RMI v. INDIA: AN EPOCH-MAKING LAWSUIT IN THE SPHERE OF NUCLEAR ARSENAL
This paper basically revolves around the dispute raised by Marshall Island in the International Court of Justice against India and other nuclear powers (Nuclear nine Nations). The purpose of the paper is to highlight and analyze the critical grounds and contentions raised by the Republic of Marshall Island against the nuclear nine countries (specifically India). Thus in order to achieve the said purpose, this paper shall follow the structured chronological pattern starting with, first, the discussion of the idea and principles of NPT and countries parties to it. Secondly, the article shall go in detail provision of NPT, specifically the obligation Erga Omnes, touching the principles of Customary International Law and the principle of good faith. The second part of the paper shall deal with the historical background of the issue of Marshall Island vis-à-vis role of India in relation to the breach of obligation under customary International law and that of good faith. In the final part of the paper, author shall try to portrait the current scenario of the issue with the possible ruling which ICJ may provide in favor or against India.
Once somebody said, atom is the reason for the creation of this world and shall be the reason for its destruction. The suggestion may not have been considered to have much weightage in those days, but at present its validity cannot be questioned. It is an undisputed fact that the creation of nuclear weapons will definitely result into mass destruction. Evidence for the same is the result of nuclear bombing over Japan during 1945 World War II. The bombing was a black spot in the history of mankind. Though, initially, the day was celebrated by USA and allied force as a victory over Japan by the name of “V-J Day” but was later condemned.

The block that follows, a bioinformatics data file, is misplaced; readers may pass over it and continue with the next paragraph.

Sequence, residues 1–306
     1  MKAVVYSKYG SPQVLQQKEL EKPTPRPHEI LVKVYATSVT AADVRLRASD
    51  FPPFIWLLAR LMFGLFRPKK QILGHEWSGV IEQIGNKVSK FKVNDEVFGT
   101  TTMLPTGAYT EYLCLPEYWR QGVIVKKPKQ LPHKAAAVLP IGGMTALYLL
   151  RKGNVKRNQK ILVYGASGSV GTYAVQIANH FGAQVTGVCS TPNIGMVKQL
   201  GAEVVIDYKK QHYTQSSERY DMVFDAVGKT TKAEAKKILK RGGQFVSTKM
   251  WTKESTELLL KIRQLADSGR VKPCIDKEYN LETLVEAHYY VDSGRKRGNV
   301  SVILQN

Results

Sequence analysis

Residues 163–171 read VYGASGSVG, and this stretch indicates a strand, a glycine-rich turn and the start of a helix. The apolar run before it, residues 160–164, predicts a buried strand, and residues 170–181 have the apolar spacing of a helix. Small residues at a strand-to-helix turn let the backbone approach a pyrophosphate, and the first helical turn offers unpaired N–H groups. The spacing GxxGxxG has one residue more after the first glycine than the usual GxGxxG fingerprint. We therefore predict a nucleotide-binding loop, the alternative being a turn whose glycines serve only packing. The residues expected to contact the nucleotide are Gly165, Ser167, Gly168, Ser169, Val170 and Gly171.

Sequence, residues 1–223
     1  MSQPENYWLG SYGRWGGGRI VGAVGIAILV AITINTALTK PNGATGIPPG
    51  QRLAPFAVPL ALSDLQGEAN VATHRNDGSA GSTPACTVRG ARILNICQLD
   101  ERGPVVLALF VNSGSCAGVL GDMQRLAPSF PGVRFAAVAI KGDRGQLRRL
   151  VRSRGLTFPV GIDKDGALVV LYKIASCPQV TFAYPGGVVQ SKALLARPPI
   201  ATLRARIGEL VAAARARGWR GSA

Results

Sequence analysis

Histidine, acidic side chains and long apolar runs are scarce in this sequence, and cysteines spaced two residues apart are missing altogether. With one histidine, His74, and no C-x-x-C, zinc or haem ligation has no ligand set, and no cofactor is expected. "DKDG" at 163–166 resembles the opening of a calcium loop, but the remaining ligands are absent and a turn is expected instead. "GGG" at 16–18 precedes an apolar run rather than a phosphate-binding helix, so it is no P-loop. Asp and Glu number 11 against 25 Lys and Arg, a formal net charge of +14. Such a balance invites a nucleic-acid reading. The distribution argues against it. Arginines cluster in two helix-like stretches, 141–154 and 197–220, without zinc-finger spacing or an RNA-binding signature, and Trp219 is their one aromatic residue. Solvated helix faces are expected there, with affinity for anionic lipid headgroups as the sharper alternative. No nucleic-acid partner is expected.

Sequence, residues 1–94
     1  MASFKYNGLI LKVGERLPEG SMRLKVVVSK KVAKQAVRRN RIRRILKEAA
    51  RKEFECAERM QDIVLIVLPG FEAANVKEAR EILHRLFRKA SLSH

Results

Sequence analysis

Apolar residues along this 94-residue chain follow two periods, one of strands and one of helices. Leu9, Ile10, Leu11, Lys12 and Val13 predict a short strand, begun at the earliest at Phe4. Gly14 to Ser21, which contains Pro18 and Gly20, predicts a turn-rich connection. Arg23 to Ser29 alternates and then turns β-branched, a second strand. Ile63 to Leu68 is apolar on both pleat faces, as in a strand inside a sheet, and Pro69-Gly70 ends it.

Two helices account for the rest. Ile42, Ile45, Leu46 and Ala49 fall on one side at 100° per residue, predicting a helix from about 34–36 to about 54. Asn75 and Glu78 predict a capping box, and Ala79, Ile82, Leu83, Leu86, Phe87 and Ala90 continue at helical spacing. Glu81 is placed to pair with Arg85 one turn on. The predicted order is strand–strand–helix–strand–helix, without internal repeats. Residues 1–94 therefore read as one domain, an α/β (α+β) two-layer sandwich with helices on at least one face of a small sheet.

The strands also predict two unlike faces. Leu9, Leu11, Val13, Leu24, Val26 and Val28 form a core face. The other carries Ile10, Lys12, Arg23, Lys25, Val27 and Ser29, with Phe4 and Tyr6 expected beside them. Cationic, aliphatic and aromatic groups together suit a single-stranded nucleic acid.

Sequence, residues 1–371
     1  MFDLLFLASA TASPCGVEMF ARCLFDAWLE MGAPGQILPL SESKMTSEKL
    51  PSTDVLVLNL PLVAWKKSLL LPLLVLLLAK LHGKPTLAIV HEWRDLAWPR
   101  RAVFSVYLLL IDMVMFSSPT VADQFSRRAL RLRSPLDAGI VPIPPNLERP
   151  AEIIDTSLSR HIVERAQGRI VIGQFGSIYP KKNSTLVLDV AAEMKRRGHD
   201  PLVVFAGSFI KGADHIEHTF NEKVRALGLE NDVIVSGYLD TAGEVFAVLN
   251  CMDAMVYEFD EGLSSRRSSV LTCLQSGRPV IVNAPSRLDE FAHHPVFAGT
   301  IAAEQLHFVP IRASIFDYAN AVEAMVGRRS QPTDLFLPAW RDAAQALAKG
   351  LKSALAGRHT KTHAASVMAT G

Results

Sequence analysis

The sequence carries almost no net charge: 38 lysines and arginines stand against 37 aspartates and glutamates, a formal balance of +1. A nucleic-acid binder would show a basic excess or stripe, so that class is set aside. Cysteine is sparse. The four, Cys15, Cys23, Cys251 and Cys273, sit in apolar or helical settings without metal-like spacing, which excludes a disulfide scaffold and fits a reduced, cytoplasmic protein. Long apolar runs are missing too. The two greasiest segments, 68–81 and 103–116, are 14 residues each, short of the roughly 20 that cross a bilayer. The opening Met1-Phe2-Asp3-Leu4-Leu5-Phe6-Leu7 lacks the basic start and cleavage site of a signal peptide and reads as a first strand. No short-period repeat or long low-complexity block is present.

After 1945, from 1946 to 1958, Martial Island was used as a test ground for the U.S. nuclear programs. A total of 67 nuclear bombs detonated over the Marshall Island. Also, 1.7 Hiroshima bombs detonated daily for 12 years. Among them was the one called Castel Bravo, which was the largest bomb ever tested by the U.S. of about 1000 times larger than that of Hiroshima and Nagasaki.
The concern of huge destruction was realized by the whole world and a multilateral treaty was entered between nations to stop this nuclear arm-race among those who owe this technology. The treaty was called The Non-proliferation Treaty of 1970, which was signed to prevent the proliferation of Nuclear Weapons and obligates nation to negotiate for Global Disarmament. Thus, to understand the core of this matter, it is important to understand the principles of treaty sighed, first, and then go to issues raised by Republic of Marshall Islands against Nuclear-Nine, specifically, India.
THE NON-PROLIFERATION TREATY: AN ATTEMPT TO PREVENT DESTRUCTION
The very first time when United States tested its first nuclear devise was at Alamogordo, New Mexico in 1945. It was only from then that the International community started to think about how to restrain the atom’s destructive effect and at the same time use it for peaceful use. Thus the treaty of Non-proliferation was strived to achieve three objective i.e. Non-proliferation, the peaceful use of nuclear energy and disarmament.
Article I, II, and III of the Treaty make a reference to such clause where Article I talks about the obligation of each nuclear state not to transfer or assist in manufacture of any kind of nuclear explosive devices. While Article II puts an obligation on non-nuclear-weapon state party to not receive the transfer from any transferor of nuclear weapons or to manufacture or acquire nuclear weapons.